Schizophrenia is defined by visual or auditory hallucinations. It is a condition that affects how an individual feels, thinks, and acts.
Schizophrenic individuals often abuse drugs or alcohol to manage schizophrenic episodes and overcome hallucinations. Sadly, abusing drugs and alcohol can increase the frequency and severity of the episodes.
Dual Diagnosis Treatment for Co-Occurring Disorders
Dual diagnosis treatment is a highly effective treatment option for addressing co-occurring disorders and includes a combination of the following:
- Intensive individual therapy with a licensed therapist or psychiatrist to address the symptoms of co-occurring disorders
- Cognitive behavioral therapy (CBT) teaches individuals how to cope with mental illnesses and raises self-awareness
- Medication-assisted treatment can help control psychiatric symptoms and lessen the urge for alcohol or drugs
- Group therapy helps create a sense of community and support for those battling similar disorders
- Counseling and family education help loved ones understand the nature of the disorder
- Holistic therapies, including yoga, meditation, recreation therapies, and creative therapies, can help encourage self-expression
Managing a co-occurring disorder can be difficult if you attempt to do it alone. If you or a loved one has a mental health condition and is abusing alcohol or drugs, it is crucial to get professional help as soon as possible.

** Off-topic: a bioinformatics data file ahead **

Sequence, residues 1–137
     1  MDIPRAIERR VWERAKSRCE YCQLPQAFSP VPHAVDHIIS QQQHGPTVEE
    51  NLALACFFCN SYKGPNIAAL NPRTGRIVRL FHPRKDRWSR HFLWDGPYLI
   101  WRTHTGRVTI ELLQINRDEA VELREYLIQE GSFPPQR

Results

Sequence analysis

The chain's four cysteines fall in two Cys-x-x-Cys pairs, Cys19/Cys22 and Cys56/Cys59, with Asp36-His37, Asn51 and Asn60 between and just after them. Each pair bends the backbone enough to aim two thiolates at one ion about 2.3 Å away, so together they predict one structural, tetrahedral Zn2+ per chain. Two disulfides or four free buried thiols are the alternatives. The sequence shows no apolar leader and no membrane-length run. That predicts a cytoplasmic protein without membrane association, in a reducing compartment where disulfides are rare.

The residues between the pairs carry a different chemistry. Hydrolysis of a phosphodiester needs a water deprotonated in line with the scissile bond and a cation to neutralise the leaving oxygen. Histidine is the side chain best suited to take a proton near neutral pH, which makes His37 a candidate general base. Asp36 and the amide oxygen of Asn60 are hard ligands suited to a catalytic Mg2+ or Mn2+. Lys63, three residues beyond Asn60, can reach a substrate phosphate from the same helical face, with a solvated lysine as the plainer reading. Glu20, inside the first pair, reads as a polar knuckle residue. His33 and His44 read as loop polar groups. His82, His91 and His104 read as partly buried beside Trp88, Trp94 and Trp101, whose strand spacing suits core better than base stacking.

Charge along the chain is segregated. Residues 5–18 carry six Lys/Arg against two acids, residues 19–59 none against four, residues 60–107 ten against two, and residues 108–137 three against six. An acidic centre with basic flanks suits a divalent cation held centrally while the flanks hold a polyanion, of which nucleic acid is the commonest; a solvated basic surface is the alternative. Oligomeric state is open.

Benefits of Dual Diagnosis Treatment
The benefits of dual diagnosis treatment include:
- Helps to significantly improve the quality of life
- Addresses a variety of mental health disorders, ranging from PTSD to anxiety disorders, bipolar disorder, depression, and many others
- Addresses substance use disorders
- Improves overall mental health
- Reduces the chances of relapse
- Reduces the risk of hospitalization
Are You a Candidate?
If you are someone who struggles with a substance use disorder and has an underlying mental health disorder, you can benefit from dual diagnosis treatment. If you aren’t sure if you have a mental health condition, consider being evaluated by a licensed medical professional or addiction specialist at a treatment facility.
Additional signs that you might have a mental health condition can include dramatic changes in mood, isolating from friends and family, feeling irritable, and difficulty managing relationships in your life.
Get Drug and Alcohol Treatment Today
Drug and alcohol addiction treatment is available to help you overcome addiction and live a healthy, sober life. Enlight Treatment Center in Ventura, California, provides effective therapies and treatment options that enable clients to fully concentrate on solving their addiction issues and regain hope and optimism about their future. In addition to dual diagnosis treatment, we offer inpatient drug and alcohol rehab programs and medication-assisted detox.
If you or a loved one has a problem with drug abuse, our compassionate and experienced team is here to help.